Big Al, I'll add my voice to that borrowing can be positive. I dont agree with the 'pay your mortgage off' camp, historically mortgage debt is the cheapest finance the average man on the street will ever have available to him. If your even slightly risk adverse it makes sense to invest the money which will more oftern than not achieve a decent margin over the rate of interest on the mortgage.Similarly if youve no credit cards, take out a 0% card for cash purchases, max the card via general spending, make sure you set aside savings to repay the card when the 0% period ends. Result is a 0% loan you can invest for 13, maybe 15 months.
Big_G wrote (see)
This is a slightly different spin on this thread, but I just want to say that used correctly, debt/borrowing can be put to good use. I'm not talking about maxing out on credit cards for a fancy kitchen/TV/car/holiday, but using it 'appropriately'. When he was building his business, my FiL used the "borrow as much as you can for a long as you can" line. It doesn't sit quite right with me, but he is probably the wealthiest person I know. Maybe he got lucky, but I don't think that's the case. I think he borrowed money to turn it into something else and he's done okay out of it. He is not scared of debt at all...his main financial aim in life is to keep hold of his capital and borrow against it as appropriate.
This is a slightly different spin on this thread, but I just want to say that used correctly, debt/borrowing can be put to good use. I'm not talking about maxing out on credit cards for a fancy kitchen/TV/car/holiday, but using it 'appropriately'.
When he was building his business, my FiL used the "borrow as much as you can for a long as you can" line. It doesn't sit quite right with me, but he is probably the wealthiest person I know. Maybe he got lucky, but I don't think that's the case. I think he borrowed money to turn it into something else and he's done okay out of it. He is not scared of debt at all...his main financial aim in life is to keep hold of his capital and borrow against it as appropriate.
Buy to let landlord I presume
No I only own the house I live in.
I'm paying my mortgage off as fast as I can - I'd rather have the cash in my bank account each month.
I'm not borrowing money for anything else, and savings accounts (which I have a modest amount in) pay diddly-squat. I keep that money in an easy access account in case I need it for something in a hurry.
The sooner I can be mortgage-free, the better (and the more I pay off, the less interest I will pay in the long run)
Are buy-to-let landlords really the spawn of the devil? Not everyone wants to buy a home initially - who would they rent from if there were no landlords?
they arenot the spawn of the devil.............they are people who saw an oportunity that let cash in...and they were brave enoguh to do it.......
The fact that they can charge such high rents and then get a lot of it repaid by housing benefit dept does annoy me.........so a few are getting very rich from it........oonce agioan i do not blame them i blame the system that allowed it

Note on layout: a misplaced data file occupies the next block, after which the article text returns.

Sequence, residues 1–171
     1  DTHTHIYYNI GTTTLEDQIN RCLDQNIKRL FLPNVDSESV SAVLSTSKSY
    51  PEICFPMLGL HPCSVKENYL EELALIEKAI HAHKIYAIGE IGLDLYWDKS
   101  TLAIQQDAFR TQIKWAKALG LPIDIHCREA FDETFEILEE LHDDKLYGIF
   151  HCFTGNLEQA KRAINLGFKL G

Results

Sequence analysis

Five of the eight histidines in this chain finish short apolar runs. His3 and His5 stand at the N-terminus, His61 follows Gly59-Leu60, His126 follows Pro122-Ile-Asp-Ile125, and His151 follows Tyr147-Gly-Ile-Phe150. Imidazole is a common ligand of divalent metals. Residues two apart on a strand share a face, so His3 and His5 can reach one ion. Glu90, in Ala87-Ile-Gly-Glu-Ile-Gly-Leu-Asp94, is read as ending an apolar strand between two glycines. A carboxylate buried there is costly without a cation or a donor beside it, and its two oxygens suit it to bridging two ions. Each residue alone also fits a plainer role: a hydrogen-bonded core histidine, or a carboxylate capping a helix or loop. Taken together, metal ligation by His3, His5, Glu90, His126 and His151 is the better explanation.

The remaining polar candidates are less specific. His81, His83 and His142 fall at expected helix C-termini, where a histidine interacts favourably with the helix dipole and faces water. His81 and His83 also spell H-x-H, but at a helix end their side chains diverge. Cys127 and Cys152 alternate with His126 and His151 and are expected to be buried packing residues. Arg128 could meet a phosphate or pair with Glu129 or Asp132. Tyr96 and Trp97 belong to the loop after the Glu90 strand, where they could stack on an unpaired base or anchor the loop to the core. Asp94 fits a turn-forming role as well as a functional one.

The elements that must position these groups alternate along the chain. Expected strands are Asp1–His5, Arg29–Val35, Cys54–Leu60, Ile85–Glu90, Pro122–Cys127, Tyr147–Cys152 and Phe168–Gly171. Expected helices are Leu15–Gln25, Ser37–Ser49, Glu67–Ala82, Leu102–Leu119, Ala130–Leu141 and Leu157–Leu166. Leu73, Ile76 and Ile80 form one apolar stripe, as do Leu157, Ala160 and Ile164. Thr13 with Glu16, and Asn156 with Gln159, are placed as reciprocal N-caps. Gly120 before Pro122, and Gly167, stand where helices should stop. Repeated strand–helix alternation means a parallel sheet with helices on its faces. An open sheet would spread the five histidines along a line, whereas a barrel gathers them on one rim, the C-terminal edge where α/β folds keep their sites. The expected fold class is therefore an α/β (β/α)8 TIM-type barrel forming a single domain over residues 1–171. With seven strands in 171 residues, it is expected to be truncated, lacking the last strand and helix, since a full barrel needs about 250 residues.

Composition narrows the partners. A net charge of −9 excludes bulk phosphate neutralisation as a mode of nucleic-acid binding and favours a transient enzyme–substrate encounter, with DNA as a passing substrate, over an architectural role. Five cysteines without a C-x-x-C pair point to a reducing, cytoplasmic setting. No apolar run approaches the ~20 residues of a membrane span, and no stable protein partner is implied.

because they are allowed to charge such rents its put the price of houses up so much that its almost impossibel for anyone to but a house.especially if you work on the old safe 3 times your income........
so now more people have to rent because they have no chance of buying........
so if they put a much lower maximum on rent benefit..........then they would not be able to pay more than the proper value for the house and the house prices wouyld reflect the wages of the area
The worst culprits are the ones like Wonga.com, Shopacheck, Provident Finance etc who prey on those at the bottom end of the financial ladder. Many of them may be uneducated and not bother to read the small print that might say 1500% apr, and even if they do, they might not necessarilly know what it means.
That's not meant to have a knock at the people who use them, but my point is that it's wrong that they can get away with charging these vulnerable people such silly rates.
Its not the Landlord that is the problem with Buy to let.
Back in 95/96 or thereabouts, the banks were bursting with cash and someone came up with the Buy To Let idea. Really it was Borrow to Let but splitting hairs.
At the time, the housing market was a bit flat so anything to get it moving.
The idea was sold as an investment. I objected at the time in writing on account of the ridiculous 'one on one' exploitative nature of this investment.
The idea was that one individual not risk averse would borrow money, buy a house with it and then rent it out to someone else at a rate that would not only pay the mortgage but over and above too. The property rises in value and the 'landlord' gets all the profit.
So really its the Landlords investment, but he gets someone else to pay for it. That's not investment, its pure exploitation.
I watched as a friend of mine went from being pleasant to being a sociopath as his housing empire grew. Tenants were just a means to an end.
And he knew even by 2000 that the rising prices would condemn whole rafts of people to have to rent since they couldn't afford to buy. Which made him really happy.
As for affordable property. The banks don't want affordable property. They have so much of their money tied up in overpriced property due to their lending habits that they'll do anything to keep the price high. So no new towns being built, why? the price of property will fall.
I bought my own place in 1993 and apparently its worth 5 times what I paid for it. I own the thing outright but I still find it unsettling that had I not bought when I did, I could now be having to fork out £1000 month in rent to someone who snapped up a mass of potential starter homes.
There's a social problem developing here. If someone does not have or is excluded from having a stake in society. Then why the hell would they respect its values?
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